China Justice Observer

中国司法观察

Intellectual Property System Is a Functional System Rewarding the Creativity

Sat, 16 Jan 2021
Categories: Insights
Contributors: Nan Zhang 张南
Editor: C. J. Observer

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People have complained that IP creates a monopoly which causes some social issues such as the affordability of patented pharmaceutical drugs. However, we can see this argument from the following aspects.

At first, monopoly from the intellectual property right shall not be regarded as a negative word but a neutral concept. The intellectual property right is an exclusive right from its very origin. For example, the world's first patent law the Venetian Patent Statute was issued in 1474 to grant 10-year protection to the authors or inventors “who makes in this city any new ingenious contrivance,” and to protect the contrivances away from copying or infringing by others. 

Any infringers shall be punished and pay one hundred ducats to the inventors, and the infringing contrivance shall be destroyed immediately. In this way, the Republic of Venice managed to keep its competitive advantages in industry and science and acted like a leading trading and economic power in Europe during the Renaissance. Thus, the origin of IP does impact the society positively.

Meanwhile, it is worth noticing that intellectual property right is a mechanism to relocate the social wealth. Imagine the days before the intellectual property right system is established, people were very difficult to create their wealth without capitals, lands or skilled labor. However, the intellectual property right system opens a door for people who do not have many social resources but are very smart and creative.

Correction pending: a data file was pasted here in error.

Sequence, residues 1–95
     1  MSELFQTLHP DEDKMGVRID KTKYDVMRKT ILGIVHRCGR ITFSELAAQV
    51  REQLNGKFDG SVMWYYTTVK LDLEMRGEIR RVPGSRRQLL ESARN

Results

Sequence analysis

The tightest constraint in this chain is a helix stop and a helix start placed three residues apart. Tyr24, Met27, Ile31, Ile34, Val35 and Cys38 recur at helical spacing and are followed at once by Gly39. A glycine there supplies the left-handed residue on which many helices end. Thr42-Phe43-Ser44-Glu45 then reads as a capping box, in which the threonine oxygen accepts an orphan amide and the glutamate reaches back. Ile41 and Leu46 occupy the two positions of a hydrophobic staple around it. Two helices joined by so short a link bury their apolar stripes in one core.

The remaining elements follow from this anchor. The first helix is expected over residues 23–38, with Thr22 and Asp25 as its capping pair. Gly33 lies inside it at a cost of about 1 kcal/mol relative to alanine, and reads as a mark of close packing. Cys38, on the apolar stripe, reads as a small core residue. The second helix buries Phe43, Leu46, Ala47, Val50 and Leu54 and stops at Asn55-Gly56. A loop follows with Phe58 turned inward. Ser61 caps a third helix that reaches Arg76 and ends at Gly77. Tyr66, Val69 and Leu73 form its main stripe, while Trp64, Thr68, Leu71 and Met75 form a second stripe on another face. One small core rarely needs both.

For example, back in the 19th century the well known English writer Charles Dickens published 16 novels during his life and received rich financial rewards from his copyright. He was regarded as the first “author” in the English literature who mainly made his living on writing alone instead of marrying the rich or family heritance. He was rewarded because of his creativity and innovation in literature in the copyright system. In this way, intellectual property rights on some degree helped with social motilities and social justice.

Furthermore, we shall not blame intellectual property right itself for affordability issues to patent drugs.  Some patent drugs are expensive not because of patents, but because of the time and financial costs of inventing and developing these drugs are tremendous. This is one of the main reasons that patent drugs are expensive and the patent system protects its novelty, inventiveness and industrial applicability. 

Then we may ask how to balance between the public interest and private interest? The answer would be two. One lies inside the laws and rules of intellectual property right itself. For example, intellectual property rights are not eternal which means the monopoly only exists for a period of time.

Invention patent, the term of the patents rights, is 20 years since the date of filing.  Also, intellectual property right system also provides limitations to these rights within its legal system. 

The fair use in copyright law is a good example that allows recreation under certain circumstances, such as parodies in some countries are encouraged to create humor, laughter and happiness. Furthermore, many counties also have competition law or anti-trust law to regulates the naughtier players who are too aggressive in the market.

Overall, if we see intellectual property rights from more dynamic angles, we will find it is a neutral concept with specific adverse effect can be justified. Total abolishment of IP system would create chaos in the social order, and the creative groups will lose their protections and rewarding system.

 

This article was originally published in CGTN on 7 November 2018, and is reproduced with the consent of the author and CGTN. Dr. Nan Zhang is an associate professor at the China University of Political Science and Law. The article reflects the author's opinions, and not necessarily the views of China Justice Observer.

Contributors: Nan Zhang 张南

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